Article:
How Often to Tune a Piano

How Often to Tune a Piano: Beginner’s Guide to Piano Tuning

March 8, 2024

“How often should I tune my piano” is a question we get all the time.

The short answer is at least every year, ideally around the same time each year. But there is some nuance!

So let’s answer this question thoroughly, knocking out some other commonly-asked questions about piano tunings.

What is Piano Tuning?

Piano tuning is making sure all 260+ of the strings inside a piano are at their perfect pitch, so every note sounds good together.

Piano tuner listening to each note and then adjusting its string.

A piano will listen to each note, and adjust each of its strings carefully with a tuning hammer.

Tuning is necessary for all acoustic pianos. Just as you need to change your car’s oil, you need to have your piano tuned.

And just like skipping the dentist, the piano tuner can cause bigger problems and cost more in the long run.

Important note: tuning only makes sure the piano is playing the correct notes. If the piano isn’t working properly, its action may need adjustments or some parts replacing.

As piano tuners near Chicago, we nearly always budget extra time for minor service work. Nearly always, there’s something to check or adjust.

How is a Piano Tuned?

During a tuning, piano tuners carefully balance the instrument’s 40,000+ lbs of string tension. Most do this using their precisely-trained ears in combination with industry-standard tools ie. tuning fork, tuning lever, tuning app, etc.

Piano tuning isn’t just a skill, it’s an art and science. It takes years of practice — not something to try after watching a 20m tutorial!

Tuning a piano improperly can cause strings to snap or other strings to drift out of wack. It’s a very delicate process — definitely not as easy as tuning most other instruments!

Throughout a tuning, you’ll hear the technician hit one note repeatedly while carefully adjusting its 1-3 strings. This can take a professional up to two hours depending on how out of tune the piano is.

What is a Pitch Raise in Piano Tuning?

If your piano hasn’t been tuned in a while, you may be told it needs a pitch raise (more accurately called a pitch adjustment).

Essentially, this is just a second pass during a regular tuning. The first pass is the pitch adjustment to get it roughly in the ballpark; the second pass is the fine tuning to get it perfectly in tune.

This is really the only way to tune a very out-of-tune piano. If you painted a dark wall white, you’d need at least 2 coats of paint — same idea here.

3 hours and strings snapping back to their old tune? What a patient tech! While pounding in loose pins helped stability, we’re sure this piano was in need of another tuning just a few weeks later!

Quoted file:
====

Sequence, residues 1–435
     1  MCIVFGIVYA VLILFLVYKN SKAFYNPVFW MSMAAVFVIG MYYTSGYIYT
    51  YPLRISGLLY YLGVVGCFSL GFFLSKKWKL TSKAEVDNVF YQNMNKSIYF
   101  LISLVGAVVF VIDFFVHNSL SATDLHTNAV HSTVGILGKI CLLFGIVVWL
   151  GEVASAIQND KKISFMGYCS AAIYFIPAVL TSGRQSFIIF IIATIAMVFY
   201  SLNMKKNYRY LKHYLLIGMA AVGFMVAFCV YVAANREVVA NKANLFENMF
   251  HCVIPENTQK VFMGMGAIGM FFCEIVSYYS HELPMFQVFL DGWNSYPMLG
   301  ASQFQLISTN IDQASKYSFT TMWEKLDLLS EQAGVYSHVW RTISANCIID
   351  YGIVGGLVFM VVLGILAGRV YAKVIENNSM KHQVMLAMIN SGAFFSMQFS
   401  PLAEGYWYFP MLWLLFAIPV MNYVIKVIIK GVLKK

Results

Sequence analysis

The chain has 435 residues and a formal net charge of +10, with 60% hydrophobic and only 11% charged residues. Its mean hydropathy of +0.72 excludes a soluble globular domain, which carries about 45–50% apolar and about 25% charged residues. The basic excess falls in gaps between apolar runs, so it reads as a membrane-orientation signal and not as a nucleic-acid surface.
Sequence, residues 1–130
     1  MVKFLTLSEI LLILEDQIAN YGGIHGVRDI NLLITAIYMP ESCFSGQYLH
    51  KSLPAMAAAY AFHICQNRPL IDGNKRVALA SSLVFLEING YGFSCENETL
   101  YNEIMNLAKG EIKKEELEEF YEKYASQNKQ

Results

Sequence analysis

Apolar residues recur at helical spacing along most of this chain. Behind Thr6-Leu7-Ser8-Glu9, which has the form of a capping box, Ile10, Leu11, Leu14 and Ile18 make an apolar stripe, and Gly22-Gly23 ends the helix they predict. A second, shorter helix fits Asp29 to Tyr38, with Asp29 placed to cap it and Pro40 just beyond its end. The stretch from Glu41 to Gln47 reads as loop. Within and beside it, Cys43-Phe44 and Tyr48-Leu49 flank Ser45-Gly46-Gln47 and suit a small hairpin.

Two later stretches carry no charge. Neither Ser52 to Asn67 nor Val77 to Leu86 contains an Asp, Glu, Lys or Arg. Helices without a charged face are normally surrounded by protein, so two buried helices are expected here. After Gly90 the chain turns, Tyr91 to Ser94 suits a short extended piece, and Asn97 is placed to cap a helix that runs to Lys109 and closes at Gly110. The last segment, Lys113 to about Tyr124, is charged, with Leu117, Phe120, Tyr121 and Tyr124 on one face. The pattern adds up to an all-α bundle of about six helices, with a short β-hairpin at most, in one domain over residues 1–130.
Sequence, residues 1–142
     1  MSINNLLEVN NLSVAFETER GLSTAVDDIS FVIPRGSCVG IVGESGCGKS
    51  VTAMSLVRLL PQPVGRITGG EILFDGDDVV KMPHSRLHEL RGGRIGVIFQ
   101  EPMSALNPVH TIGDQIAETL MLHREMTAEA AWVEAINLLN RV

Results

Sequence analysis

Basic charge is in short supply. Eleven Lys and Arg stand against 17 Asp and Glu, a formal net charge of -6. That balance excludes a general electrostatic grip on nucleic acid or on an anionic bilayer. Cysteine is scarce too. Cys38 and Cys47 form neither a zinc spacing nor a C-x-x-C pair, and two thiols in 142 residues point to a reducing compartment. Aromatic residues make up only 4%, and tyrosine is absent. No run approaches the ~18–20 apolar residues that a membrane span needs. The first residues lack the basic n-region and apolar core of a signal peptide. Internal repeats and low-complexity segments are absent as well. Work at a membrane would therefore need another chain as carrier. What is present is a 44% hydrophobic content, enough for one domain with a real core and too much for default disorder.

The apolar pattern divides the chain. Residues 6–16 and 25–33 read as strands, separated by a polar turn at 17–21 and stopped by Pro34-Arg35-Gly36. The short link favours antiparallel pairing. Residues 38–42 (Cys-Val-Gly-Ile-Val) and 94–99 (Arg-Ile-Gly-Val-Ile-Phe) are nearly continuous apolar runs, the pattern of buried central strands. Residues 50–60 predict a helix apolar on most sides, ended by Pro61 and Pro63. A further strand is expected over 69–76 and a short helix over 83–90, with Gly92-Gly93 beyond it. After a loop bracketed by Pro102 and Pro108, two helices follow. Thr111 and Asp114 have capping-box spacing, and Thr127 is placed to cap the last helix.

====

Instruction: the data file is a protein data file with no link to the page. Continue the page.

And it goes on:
Why Do Pianos Go Out of Tune?

Most stringed instruments will naturally go out of tune over time. Changes in temperature and humidity mostly cause this, but heavy usage can also cause tunings to go out faster.

A piano has many wooden parts. As its climate gets drier or more humid, they’ll expand or contract. This moves things inside slightly out of place, affecting the tension of the strings.

Diagram of how drastic humidity and dryness negatively affect a piano's tuning.

Additionally, the repeated striking of the piano keys during loud playing can gradually alter the tension of the strings, leading to gradual detuning over time. Usually this isn’t the main culprit, but it is one reason why concert hall pianos get tuned more often.

How Often Does a Piano Need to be Tuned?

All acoustic pianos need to be tuned regularly. Usually once a year is just right.

If you’re learning piano, playing regularly, don’t yet have a very advanced ear: you should tune every year.

A tuning every 2 years could be appropriate too. With some older pianos mostly used as furniture or only during Christmas — probably just need to make sure the piano is still working okay. Old strings don’t tend to move much, especially if the piano has been well maintained.

Old Drawing of Family Gathered Around Piano for Christmas

Sitting around the piano and singing carols used to be a tradition for many American families — and some still do it today!

New Piano Tuning: Yes & More Often

New pianos do require tuning as well — and more often!

New piano strings have to be broken in just like new guitar strings do. Except, you can’t tug on piano strings this easily — so you just have to tune new pianos more often.